Interesting corrective responses to my post earlier this week on different types of proportionality and Israel's 2014 Operation Protective Edge in Gaza.
Latest in International Law: LOAC: Proportionality
Yesterday found me in Israel listening—not for the first time—to a briefing on Israel Defense Forces (IDF) targeting practices during Operation Protective Edge, the 2014 military operation against Hamas in Gaza. I can’t go into the details on the briefing, as it was not on the record, but for those interested in a detailed account of the subject, Section VI of this report from the Israeli Foreign Ministry covers some of the same ground.
I'm very happy to report that the 3rd annual Transatlantic Workshop on International Law and Armed Conflict will occur at Oxford next week. As I explained last summer, this event is co-sponsored by the ICRC's DC and London delegations, the Oxford Institute for Ethics, Law, and Armed Conflict, the Oxford Martin Programme on Human Rights for Future Generations, South Texas College of Law (through the good offices of my friend Geoff Corn), and the Strauss Center at UT (which I direct).
The UN Human Rights Council’s Independent Commission of Inquiry report on the 2014 Gaza war, released Monday, is a bad piece of work—bad in almost entirely predictable and boring ways, but no less bad for being bad and predictable. It is also no less important for being boring.
Here it is. Here's the press release that accompanies it:
GENEVA (22 June 2015): The United Nations Independent Commission of Inquiry on the 2014 Gaza conflict has gathered substantial information pointing to the possible commission of war crimes by both Israel and Palestinian armed groups.
When scholars analyze Israeli military actions against Palestinian militant groups, the discussion inevitably turns to the principle of proportionality. Advocates and analysts sift through lists of the names of the dead, review drone footage from before missile strikes, and endlessly debate whether anticipated military advantage justified foreseeable civilian costs.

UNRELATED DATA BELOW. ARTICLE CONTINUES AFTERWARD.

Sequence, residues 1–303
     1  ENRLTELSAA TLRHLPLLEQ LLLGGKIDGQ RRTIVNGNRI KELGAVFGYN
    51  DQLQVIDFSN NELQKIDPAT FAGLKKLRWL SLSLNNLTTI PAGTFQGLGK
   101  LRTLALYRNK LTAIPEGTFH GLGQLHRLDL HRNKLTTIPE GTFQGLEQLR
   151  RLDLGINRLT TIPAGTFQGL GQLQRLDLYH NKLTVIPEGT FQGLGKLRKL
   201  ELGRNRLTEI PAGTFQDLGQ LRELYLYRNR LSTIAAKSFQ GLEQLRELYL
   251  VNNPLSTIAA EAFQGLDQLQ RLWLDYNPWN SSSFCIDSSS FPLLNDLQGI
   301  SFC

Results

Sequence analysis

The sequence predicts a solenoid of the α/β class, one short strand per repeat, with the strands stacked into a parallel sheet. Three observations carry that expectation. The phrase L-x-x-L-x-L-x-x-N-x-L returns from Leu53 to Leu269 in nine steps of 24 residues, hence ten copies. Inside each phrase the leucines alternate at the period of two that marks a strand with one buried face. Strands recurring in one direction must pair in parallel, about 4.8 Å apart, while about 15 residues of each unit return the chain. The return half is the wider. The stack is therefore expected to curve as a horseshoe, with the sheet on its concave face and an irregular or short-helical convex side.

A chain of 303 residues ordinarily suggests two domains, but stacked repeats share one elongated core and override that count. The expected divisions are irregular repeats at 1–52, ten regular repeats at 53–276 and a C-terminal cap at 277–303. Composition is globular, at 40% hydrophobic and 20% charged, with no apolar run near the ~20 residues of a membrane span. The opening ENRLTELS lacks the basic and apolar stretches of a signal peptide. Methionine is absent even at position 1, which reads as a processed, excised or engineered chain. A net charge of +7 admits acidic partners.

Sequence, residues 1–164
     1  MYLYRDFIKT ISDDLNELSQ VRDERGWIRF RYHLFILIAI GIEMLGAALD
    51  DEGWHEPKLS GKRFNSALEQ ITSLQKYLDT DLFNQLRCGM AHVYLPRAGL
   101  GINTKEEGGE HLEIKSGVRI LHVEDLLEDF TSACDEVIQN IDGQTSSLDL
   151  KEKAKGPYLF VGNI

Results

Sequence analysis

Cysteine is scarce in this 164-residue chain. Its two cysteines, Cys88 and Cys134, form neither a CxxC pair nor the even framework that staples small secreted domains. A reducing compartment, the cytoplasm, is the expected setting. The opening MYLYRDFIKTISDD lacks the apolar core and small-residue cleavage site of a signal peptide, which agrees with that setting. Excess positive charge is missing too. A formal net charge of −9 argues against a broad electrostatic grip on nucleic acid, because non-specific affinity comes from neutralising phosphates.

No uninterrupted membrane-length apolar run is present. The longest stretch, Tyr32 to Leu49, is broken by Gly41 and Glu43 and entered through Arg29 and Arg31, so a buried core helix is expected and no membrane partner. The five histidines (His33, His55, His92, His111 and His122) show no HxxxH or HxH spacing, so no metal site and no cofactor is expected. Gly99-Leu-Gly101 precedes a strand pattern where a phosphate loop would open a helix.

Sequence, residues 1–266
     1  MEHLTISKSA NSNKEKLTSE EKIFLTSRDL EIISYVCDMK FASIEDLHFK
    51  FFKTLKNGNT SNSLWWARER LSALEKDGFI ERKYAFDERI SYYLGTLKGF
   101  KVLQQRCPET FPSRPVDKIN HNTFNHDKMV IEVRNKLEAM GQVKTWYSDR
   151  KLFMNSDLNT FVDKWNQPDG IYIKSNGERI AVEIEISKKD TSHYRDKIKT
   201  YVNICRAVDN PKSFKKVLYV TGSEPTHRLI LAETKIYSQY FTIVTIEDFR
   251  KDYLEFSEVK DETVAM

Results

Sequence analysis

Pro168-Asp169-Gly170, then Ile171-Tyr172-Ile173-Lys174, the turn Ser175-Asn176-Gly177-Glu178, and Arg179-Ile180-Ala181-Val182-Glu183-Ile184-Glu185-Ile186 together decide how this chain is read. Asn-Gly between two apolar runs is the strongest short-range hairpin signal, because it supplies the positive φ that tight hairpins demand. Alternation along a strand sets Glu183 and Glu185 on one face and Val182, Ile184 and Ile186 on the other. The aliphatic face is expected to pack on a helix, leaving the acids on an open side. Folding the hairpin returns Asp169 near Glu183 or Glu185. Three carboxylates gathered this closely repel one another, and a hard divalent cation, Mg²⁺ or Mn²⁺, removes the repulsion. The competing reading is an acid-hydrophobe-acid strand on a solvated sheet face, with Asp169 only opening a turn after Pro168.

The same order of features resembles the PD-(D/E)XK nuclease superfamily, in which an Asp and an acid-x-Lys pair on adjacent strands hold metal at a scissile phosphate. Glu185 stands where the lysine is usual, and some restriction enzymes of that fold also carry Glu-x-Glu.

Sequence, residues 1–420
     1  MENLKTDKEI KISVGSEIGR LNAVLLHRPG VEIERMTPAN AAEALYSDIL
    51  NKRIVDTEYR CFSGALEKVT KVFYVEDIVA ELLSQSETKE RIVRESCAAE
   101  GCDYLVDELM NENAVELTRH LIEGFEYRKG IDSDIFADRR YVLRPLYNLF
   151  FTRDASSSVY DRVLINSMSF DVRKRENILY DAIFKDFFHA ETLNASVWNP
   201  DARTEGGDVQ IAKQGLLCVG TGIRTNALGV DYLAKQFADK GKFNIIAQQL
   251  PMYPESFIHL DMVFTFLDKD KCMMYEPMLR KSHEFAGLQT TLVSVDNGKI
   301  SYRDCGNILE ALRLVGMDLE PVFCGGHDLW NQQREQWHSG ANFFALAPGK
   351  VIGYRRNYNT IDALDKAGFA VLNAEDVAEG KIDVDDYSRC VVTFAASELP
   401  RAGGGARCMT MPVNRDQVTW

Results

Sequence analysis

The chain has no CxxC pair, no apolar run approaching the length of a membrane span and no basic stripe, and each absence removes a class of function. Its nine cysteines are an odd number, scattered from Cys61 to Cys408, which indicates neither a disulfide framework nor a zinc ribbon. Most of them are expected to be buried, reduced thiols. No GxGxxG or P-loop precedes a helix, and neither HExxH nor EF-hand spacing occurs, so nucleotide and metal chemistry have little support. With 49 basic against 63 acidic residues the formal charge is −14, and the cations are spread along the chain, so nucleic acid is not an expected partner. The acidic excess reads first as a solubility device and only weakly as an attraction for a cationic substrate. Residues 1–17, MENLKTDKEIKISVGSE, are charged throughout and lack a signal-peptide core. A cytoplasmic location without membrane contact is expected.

The use of lethal force (whether via armed drone, manned aircraft, cruise missile, helicopter assault, etc.) has been a cornerstone of U.S. counterterrorism policy for many years, both in places where we have ground combat deployments and places where we do not. Throughout this period, the legality, efficacy, wisdom, and morality of this practice has been the subject of intense scrutiny and debate. Nonetheless, the kinetic option has proven remarkably durable over time (especially as compared to its sibling, the use of non-criminal detention).
Judicial imperialism is defeating the British armed forces. At least this is what the authors of a report recently published by the Policy Exchange---an influential British think tank---claim.
Naz Modirzadeh’s fascinating series of Lawfare posts (here, here, and here) discussing her article, Folk International Law, provides an excellent primer on the potential consequences and confusion that result from amalgamating distinct legal doctrines, regardless of whether such creative tinkering is couched under the rubric of “
The next installment in the series of posts derived from this summer's Transatlantic Dialogue on International Law and Armed Conflict is now live at the ICRC's Intercross blog. It is from Ken Watkin, and it concerns the overlap of IHL and IHRL. A taste: